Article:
When you hear those three dreaded words “you’ve got cancer” you can’t help but start to think about death. You really can’t avoid it, that’s just the way it works. And depending on what type of cancer you have, its progression and your prognosis, you might start thinking A LOT about death.
You will go through several defined stages of emotions, which are better described by others more knowledgeable and articulate about them than me. But they will include (not necessarily in order) anger, denial, more anger, despair, more anger and an eventual acceptance of the reality of your situation. That is when you will quite literally reach the proverbial fork in the road. Do you cave in and give up or do you accept this is your new reality, understand the specifics of your situation and start the fight. And a fight it will be, make no mistake about that.
Of course you will need to get your affairs in order: a living will, a power of attorney and possibly a do not resuscitate order. Some of these will be required by the hospital when you begin your treatments. But over the course of the first month or so, you will have to accept the fact that you might die sometime soon. Obviously you hope not, but you none the less have to make peace with yourself about this. Maybe that is part of the blessings of the long, quiet days and nights in a hospital bed – to give you the opportunity to really look in the mirror at your life. Take advantage of this time. What has really mattered and what do you want to do with the rest of your life, however long it may be?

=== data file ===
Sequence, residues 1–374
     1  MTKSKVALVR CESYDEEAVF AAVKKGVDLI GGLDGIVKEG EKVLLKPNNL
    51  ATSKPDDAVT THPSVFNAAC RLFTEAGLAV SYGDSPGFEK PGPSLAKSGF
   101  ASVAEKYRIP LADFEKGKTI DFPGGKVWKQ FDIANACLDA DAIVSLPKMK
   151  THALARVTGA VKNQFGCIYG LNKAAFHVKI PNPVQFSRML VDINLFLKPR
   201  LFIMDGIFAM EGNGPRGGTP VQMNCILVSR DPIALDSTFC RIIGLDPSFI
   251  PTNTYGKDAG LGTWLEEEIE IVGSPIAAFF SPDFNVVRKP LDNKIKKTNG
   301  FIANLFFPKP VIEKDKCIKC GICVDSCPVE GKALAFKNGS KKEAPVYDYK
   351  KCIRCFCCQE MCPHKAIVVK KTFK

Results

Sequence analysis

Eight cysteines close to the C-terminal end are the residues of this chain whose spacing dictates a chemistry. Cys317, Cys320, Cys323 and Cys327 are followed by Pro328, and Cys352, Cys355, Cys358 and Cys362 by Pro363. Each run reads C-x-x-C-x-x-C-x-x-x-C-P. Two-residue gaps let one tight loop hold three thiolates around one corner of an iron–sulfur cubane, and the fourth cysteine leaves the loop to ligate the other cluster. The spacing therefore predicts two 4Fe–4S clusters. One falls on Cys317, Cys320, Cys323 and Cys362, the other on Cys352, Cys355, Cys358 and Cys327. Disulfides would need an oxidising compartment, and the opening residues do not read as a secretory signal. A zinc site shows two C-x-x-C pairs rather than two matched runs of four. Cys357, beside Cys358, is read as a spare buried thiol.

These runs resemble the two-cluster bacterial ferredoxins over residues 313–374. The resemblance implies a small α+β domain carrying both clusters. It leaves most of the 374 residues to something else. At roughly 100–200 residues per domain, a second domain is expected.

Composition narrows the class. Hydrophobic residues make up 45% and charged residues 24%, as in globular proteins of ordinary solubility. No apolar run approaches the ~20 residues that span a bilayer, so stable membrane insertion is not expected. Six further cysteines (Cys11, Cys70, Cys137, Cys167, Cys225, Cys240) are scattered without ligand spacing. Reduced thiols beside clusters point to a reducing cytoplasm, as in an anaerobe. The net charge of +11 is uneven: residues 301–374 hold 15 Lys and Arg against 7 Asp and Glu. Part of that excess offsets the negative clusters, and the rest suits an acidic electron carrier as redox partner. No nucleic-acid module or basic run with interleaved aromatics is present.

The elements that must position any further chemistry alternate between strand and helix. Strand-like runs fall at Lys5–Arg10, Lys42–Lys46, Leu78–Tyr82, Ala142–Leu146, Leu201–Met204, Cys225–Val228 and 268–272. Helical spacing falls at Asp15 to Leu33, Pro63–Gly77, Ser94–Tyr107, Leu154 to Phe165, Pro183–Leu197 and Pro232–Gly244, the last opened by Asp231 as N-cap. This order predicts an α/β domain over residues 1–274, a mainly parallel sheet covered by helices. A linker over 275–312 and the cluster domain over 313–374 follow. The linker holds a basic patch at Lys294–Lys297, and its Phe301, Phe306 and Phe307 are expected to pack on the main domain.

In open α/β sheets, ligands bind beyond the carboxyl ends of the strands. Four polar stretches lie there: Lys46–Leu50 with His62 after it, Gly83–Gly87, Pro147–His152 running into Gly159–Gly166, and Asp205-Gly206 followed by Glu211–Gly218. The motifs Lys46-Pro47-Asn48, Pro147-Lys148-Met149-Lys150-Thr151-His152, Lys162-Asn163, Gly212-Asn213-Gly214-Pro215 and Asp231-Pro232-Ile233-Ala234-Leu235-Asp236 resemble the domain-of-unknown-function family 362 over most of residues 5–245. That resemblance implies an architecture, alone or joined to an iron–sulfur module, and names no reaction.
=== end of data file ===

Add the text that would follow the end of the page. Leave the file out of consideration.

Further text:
There really is no horse trading to be done here – no “if I get this then I will do that.” Sorry to say that. Don’t get me wrong, I think the power of prayer is hugely important but I personally have a real hard time believing that at this point God is looking to make a deal. Lord knows I’ve said many a prayer asking for strength for the fight and to help me be a better person, but no Monte Hall business.
So, when you boil it all down, what really matters? In my opinion, it is all about what have you done to help others – from your family to your community to the world at large. I know, I know, that sounds incredibly trite and overly simplistic, but for myself I don’t know a better way to say it. And if you are as fortunate as I have been in being given several years past my “expiration date,” you need to remember this and strive to live it every day.